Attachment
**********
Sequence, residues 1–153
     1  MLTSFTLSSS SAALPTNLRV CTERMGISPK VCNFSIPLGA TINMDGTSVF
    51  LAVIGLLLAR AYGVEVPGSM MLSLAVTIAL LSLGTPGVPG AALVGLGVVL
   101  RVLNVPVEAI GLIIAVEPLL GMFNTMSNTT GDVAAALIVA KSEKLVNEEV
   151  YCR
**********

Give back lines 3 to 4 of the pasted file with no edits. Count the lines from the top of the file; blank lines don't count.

    51  LAVIGLLLAR AYGVEVPGSM MLSLAVTIAL LSLGTPGVPG AALVGLGVVL
   101  RVLNVPVEAI GLIIAVEPLL GMFNTMSNTT GDVAAALIVA KSEKLVNEEV